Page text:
Author: Karl Simpson, CEO, Liftstream – Feb 12th 2018
The UK government some years ago (2011) introduced a Voluntary Code of Conduct for Executive Search firms, which was implemented by the Department of Business in the wake of the Lord Davies Review, an initiative, or pre-cursor to quotas, that targeted increasing the participation of women on FTSE 100 boards. It was also an effort to bring to the table an important group of stakeholders – Executive Search firms – in the battle to introduce more women to senior executive positions. However, by 2013 sign-ups to the code had been underwhelming and the then Business Secretary – Sir Vince Cable commissioned Charlotte Sweeney to conduct a review into executive search practices and why more firms had not pledged their support for the code.
At the time, as a member of the Associate of Executive Recruiters, I was very close to the discussions about the design and introduction of this code. Alongside this voluntary code, there is an Enhanced Code of Conduct for Executive Search Firms.
I decided at that time, that Liftstream would not be a voluntary signatory to the code. I reached that decision for 3 reasons. Firstly, being a signatory to any voluntary code, of course, does not require you to have to meet the standards set out, albeit you should enter into it with the right spirit. At Liftstream, we have always taken a high-integrity approach to the service we deliver, and on diversity we have challenged ourselves to over-achieve client or market expectations. Secondly, the code had largely been drafted with only gender diversity in mind. It did not in its earlier manifestations, state any requirement for race and ethnicity, which I considered to be setting a rather low-bar. Thirdly, the drafting and administration of its contents were designed with strong influence from the larger global search firms, and the reward (approval to the enhanced code list), was aimed at creating an elitist list of approved search firms. Therefore, in my view, a code aimed at fighting the consequences of elitism and promoting meritocracy, was in of itself enabling the behaviours it was designed to combat.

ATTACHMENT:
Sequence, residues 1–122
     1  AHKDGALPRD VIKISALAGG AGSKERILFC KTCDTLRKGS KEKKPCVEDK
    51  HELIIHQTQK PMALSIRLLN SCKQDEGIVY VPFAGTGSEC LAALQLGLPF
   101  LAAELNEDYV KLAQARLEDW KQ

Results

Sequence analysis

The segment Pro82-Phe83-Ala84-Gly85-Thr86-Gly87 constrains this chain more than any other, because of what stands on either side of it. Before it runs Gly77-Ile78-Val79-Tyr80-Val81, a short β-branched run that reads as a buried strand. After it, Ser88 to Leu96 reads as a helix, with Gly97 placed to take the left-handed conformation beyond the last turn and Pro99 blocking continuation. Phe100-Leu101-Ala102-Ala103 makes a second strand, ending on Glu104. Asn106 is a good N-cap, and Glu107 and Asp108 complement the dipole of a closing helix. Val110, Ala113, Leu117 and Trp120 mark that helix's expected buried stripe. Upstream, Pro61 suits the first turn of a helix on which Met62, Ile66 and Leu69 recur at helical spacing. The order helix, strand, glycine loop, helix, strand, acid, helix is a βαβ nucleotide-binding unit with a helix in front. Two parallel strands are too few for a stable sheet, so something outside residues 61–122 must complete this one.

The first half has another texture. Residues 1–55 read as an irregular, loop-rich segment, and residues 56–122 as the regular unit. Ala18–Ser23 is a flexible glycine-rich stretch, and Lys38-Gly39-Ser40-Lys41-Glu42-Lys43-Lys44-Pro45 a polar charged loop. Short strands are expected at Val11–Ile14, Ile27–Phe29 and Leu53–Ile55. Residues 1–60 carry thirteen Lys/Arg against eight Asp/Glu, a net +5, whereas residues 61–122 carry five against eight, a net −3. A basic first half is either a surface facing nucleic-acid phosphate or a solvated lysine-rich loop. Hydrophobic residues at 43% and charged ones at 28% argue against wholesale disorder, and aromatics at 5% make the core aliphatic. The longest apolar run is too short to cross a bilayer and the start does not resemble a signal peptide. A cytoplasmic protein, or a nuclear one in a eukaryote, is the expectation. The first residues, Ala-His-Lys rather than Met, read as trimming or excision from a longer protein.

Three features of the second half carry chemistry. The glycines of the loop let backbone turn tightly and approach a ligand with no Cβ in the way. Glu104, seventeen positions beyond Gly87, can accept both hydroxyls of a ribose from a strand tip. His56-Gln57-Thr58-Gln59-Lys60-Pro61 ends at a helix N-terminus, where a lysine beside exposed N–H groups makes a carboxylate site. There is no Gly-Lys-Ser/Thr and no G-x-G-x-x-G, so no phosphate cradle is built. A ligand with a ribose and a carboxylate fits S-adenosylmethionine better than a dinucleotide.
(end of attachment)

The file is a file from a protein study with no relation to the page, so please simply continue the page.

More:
However, 2017 bought another revision of the code, this time prompted by the findings and recommendations of both the Hampton-Alexander Review into women at the executive level in business, and the Parker Review which focused on race and ethnicity. For the first time, the code makes provisions for a commitment by search firms to fill their candidate-lists with a fully diverse range of candidates.
Because of this latest effort to raise the standards of the executive search industry, I am pleased to now sign up to this voluntary code of conduct, and to allow it to guide our activity henceforth. Like any code of its type, I recognise the imperfections, the possible impracticalities of some of the guidelines. Our hope is that we’ll continue to set our own standard for others to follow, however, to keep a check on these, we’re pleased to work to those set out by the Voluntary Code of Conduct.
To read the code to which Liftstream is now a signatory please read here the Voluntary Code of Conduct for Executive Search Firms. https://ftsewomenleaders.com/wp-content/uploads/2015/07/VOLUNTARY-CODE-OF-CONDUCT-FOR-SEARCH-FIRMS-NOVEMBER-2017.pdf